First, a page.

Tag Archives: monopoly

Spin Cycle

Tom Wheeler was Chair of the Federal Communications Commission from 2013 to 2017. In the wake of Sinclair Broadcasting’s application to acquire Tribune Media, he wrote a very troubling article for the Guardian. 

It is a major decision, since the resulting broadcast behemoth would hold as many as 233 local television stations reaching into more than 70 percent of American homes. Allegations about the Trump administration’s closeness to Sinclair – including Jared Kushner’s campaign deal with them – have been made. All I know is what I read, but the lead up to the actual decision has been significant and seems to presage approval.

Wheeler has previously warned that Trump’s FCC has been strategically knocking down all the regulatory barriers that have kept Sinclair Broadcasting from becoming a national Goliath.

First, the FCC changed the rules so that some stations are counted at only half their reach – using funny math to comply with Congress’ mandate that no single broadcaster should control access to more than 39 percent of American households. Then, the FCC proposed eliminating the requirement that each licensee maintain a local studio, doing away with the concept that broadcasters perform an important public service by delivering local news and information over the people’s airwaves. Finally, the commission eliminated the prohibition on a favorite trick of slick lawyers: that total management control and appropriation of profits of a television station doesn’t constitute effective ownership, and thus avoids Congress’ cap.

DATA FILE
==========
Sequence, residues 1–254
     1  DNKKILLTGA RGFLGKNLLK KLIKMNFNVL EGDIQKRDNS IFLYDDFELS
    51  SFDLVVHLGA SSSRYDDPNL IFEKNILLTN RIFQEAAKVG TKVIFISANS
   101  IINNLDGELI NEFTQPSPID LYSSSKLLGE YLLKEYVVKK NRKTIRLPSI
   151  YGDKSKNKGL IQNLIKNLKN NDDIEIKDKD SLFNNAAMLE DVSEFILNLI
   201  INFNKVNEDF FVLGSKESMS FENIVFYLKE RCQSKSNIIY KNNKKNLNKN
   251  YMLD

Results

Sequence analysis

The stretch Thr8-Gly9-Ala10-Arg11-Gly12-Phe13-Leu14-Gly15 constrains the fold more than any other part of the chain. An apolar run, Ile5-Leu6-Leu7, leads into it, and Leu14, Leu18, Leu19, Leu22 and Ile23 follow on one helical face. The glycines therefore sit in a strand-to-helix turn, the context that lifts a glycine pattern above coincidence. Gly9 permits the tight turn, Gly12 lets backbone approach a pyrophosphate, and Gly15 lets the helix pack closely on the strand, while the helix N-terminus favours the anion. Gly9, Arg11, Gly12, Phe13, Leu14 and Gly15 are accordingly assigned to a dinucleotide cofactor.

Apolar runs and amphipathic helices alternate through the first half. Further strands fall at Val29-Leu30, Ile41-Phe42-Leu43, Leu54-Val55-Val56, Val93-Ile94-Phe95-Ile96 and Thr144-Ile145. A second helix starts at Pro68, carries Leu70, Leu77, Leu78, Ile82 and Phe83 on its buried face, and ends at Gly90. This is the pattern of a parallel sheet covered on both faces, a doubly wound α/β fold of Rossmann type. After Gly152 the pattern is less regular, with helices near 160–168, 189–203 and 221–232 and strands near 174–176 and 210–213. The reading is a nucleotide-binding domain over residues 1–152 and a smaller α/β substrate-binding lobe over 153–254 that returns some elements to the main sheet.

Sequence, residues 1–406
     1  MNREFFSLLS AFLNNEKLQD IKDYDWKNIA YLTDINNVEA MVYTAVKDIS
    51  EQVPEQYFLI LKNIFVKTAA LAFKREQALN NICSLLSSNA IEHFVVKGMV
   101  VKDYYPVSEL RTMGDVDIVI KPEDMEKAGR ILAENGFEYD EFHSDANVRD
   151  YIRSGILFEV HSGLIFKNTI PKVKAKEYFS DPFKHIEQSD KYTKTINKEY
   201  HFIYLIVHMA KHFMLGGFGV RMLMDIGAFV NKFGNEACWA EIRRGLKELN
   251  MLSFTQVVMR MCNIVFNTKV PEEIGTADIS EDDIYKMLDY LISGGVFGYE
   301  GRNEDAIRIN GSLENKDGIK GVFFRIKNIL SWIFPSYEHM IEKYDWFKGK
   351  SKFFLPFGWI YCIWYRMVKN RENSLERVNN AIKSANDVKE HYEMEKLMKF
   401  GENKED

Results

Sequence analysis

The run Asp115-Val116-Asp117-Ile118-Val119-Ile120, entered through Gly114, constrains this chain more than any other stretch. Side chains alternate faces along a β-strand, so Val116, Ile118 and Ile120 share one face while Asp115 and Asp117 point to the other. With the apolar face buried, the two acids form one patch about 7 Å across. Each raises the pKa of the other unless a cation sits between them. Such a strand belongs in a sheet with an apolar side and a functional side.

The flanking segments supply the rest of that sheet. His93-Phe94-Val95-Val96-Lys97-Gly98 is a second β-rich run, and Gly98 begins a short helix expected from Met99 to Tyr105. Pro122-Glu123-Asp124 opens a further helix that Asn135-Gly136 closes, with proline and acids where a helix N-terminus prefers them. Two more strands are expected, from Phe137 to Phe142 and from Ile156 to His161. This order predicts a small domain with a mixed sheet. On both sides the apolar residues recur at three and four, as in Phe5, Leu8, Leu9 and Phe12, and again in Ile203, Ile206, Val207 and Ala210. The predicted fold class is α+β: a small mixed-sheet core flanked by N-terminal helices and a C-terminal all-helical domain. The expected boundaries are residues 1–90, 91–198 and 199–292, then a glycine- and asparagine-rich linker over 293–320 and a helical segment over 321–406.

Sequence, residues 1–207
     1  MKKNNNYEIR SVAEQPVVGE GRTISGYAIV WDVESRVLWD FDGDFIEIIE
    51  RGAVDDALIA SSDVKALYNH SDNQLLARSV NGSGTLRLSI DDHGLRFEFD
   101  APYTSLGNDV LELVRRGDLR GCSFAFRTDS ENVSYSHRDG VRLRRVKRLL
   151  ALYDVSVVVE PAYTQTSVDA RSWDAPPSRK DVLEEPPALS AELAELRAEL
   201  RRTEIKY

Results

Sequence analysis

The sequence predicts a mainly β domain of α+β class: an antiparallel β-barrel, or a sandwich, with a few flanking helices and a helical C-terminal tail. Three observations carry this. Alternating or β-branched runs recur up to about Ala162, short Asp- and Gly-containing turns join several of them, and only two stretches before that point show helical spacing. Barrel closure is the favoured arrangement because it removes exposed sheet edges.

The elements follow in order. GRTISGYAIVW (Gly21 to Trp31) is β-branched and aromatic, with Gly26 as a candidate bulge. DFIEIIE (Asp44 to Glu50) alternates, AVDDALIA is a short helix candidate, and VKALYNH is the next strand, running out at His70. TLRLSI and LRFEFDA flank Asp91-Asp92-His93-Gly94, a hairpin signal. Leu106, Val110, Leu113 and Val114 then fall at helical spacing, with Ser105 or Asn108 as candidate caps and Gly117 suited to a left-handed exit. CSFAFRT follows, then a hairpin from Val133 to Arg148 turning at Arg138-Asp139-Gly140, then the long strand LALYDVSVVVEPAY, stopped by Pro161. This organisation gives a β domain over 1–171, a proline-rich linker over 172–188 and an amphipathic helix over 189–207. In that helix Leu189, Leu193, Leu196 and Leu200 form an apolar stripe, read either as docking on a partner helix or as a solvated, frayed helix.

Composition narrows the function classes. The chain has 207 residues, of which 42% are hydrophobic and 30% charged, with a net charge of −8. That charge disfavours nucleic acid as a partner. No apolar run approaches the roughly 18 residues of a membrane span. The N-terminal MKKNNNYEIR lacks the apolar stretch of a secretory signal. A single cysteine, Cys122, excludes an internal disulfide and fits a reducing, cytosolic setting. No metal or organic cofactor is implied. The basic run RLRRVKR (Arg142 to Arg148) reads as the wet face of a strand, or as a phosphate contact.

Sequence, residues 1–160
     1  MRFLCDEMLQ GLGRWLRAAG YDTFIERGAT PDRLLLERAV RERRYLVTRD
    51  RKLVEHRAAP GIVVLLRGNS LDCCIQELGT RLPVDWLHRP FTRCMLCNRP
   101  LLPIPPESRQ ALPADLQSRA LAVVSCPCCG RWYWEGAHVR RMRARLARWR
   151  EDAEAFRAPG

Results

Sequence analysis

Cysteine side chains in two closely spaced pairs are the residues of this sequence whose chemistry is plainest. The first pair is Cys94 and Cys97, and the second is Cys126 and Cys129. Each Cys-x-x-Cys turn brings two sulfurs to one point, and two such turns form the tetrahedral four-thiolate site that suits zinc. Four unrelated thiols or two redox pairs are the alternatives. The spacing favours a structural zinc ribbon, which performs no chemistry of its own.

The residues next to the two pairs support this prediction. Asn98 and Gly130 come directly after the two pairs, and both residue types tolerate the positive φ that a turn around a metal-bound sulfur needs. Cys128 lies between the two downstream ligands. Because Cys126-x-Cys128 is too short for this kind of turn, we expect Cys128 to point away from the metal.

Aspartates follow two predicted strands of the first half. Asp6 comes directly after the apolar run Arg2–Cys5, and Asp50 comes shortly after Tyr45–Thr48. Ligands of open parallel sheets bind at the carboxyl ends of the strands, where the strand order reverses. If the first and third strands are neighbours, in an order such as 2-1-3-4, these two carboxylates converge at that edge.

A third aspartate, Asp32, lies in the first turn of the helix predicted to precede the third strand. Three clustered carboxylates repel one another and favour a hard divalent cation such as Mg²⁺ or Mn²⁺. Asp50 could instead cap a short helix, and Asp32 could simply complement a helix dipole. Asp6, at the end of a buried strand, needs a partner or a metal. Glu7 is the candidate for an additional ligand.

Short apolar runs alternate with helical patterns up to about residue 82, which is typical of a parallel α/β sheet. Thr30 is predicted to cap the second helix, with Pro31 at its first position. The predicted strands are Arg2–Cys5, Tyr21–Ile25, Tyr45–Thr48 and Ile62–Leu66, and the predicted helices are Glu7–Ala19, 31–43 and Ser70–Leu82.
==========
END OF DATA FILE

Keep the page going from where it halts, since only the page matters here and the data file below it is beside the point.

The rules that the current FCC Chair has changed or evaded were intended to protect a broadcasting marketplace of ideas–to prevent any one voice from effectively drowning out other voices, other perspectives, in a community.

Proponents of these sorts of rule changes and mega-mergers argue that the internet, social media and things like satellite radio provide adequate diversity of opinion. Perhaps, when those constantly morphing mediums have “settled in” and become routine touchstones in the cultural landscape (if that ever happens), that argument might carry some weight. At this point in our constantly-morphing media landscape, however, allowing Sinclair–or any one outlet–to dominate the airwaves would be like giving Fox or MSNBC control of all but a few cable news channels.

The current chair of the FCC has already signaled his agenda by trying to reverse the rules protecting Net Neutrality. 

This rule-changing at the FCC illustrates one of the most dangerous aspects of the Trump Administration. We all worry about having a mentally-ill President’s finger on the nuclear button, but very few of us know about–or pay attention to–obscure and technocratic rule changes, the sorts of sabotage that Scott Pruitt is engaging in at the EPA. While decent citizens react negatively to Trump’s embrace of the KKK, et al, most of us don’t even see what is happening in more boring regulatory precincts.

For that matter, most of us were unaware of Sinclair’s determinedly rightwing political agenda until John Oliver’s recent, scathing take-down.